Connecting the Workplace to the Marketplace
By: Jim Shaffer, Jim Shaffer Group
Many organizations could improve results if their external and internal communication worked together to improve the customer experience. For this to work, internal communication would need to broaden its role. Some are doing that.
I recently addressed a conference of business communication professionals on the role of a trusted advisor, a term used by David Maister in his superb book by that name. From my perspective of 30-plus years working with business leaders, improved business results is first on my list of “what clients look for” in a trusted advisor. That’s sine qua non because if a so-called trusted advisor doesn’t improve the business, he or she probably doesn’t add value.
Marketing communication, brand communication and advertising have historically focused on building brand equity among customers and prospects through brand positioning–what the brand stands for in the minds of customers and prospects relative to its competition. Today, they’re working diligently within a technological maze to identify tighter causal relationships between their work and its impact on sales and profitability.
Meanwhile, internal communication has long played what amounts to a journalistic role that distributes news and information to employees using formal communication such as newsletters, email, videos, town hall meetings, blogs and wall posters. What was done 20 years ago and what is done today remains the same, except it’s been digitized.
I told the internal communication people in the audience that they have a huge opportunity to make a profound impact on business results, IF they focus on improving the customer experience as promised by the brand people.
I used three examples: Geico promises that 15 minutes or less can save you 15 percent on car insurance. BMW promises the ultimate driving machine. FedEx promises your package will get there overnight. Guaranteed.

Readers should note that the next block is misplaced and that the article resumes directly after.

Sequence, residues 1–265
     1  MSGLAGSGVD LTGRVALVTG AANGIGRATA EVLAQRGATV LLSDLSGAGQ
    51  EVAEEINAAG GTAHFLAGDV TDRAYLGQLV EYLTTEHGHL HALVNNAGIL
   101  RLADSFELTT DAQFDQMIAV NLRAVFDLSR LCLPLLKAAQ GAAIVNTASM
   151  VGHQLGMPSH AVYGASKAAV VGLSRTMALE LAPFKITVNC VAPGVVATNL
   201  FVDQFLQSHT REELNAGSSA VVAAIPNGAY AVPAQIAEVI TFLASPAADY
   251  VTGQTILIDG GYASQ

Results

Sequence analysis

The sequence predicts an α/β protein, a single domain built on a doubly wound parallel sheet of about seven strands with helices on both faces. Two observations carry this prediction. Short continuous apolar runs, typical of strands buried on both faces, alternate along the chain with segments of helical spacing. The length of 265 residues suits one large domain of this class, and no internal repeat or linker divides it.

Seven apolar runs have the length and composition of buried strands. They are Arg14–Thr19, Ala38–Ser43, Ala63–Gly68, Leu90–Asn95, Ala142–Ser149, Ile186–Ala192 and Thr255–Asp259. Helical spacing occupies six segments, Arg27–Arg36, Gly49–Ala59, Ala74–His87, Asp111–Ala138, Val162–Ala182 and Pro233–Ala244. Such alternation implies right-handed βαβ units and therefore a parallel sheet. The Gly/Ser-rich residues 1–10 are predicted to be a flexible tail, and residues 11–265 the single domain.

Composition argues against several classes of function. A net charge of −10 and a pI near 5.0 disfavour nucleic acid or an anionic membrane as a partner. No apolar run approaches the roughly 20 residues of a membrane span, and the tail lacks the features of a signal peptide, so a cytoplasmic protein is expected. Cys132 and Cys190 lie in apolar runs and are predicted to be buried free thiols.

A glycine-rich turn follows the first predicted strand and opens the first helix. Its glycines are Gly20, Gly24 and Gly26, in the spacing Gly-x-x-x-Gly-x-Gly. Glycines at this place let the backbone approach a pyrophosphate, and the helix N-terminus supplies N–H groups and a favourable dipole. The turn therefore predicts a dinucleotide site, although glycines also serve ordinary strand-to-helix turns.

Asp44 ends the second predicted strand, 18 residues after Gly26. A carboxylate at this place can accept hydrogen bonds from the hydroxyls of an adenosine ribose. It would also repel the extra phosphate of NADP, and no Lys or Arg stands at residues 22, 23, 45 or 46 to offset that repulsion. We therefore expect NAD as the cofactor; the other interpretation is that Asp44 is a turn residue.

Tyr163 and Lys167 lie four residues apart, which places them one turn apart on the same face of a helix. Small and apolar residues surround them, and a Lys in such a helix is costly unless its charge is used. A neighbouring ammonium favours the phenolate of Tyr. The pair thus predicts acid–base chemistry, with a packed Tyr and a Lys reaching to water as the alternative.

These are worthy brand promises, brought to us by the marketing and advertising people at these three companies. But behind the external communication people in these companies are 470,000 employees whose work in one way or another helps to deliver on the promises.
These same 470,000 people are bombarded by thousands of signs, signals, cues and messages daily. They need to sort through the onslaught of messages, make decisions and act in a way that delivers at least part of the promise–every time.
This means leaders at all levels of these organizations need to consistently communicate the business context, vision and strategy, as well as the brand strategy. The mixed messages, slow moving, inaccurate, or non-existent information must be at an absolute minimum, if not altogether gone.
Measurement, reward, recognition, learning and development systems and work processes also need to be perfectly aligned with what leaders are saying and the action they’re taking. The walk and the talk must match.
Whether there are five or 470,000 people in our organization, everything we do—all of our actions– flow naturally and directly from how well communication has been managed. The customer feels it and reacts by buying our products and services, or someone else’s.
To make this happen, internal communication must connect the workplace to the marketplace.
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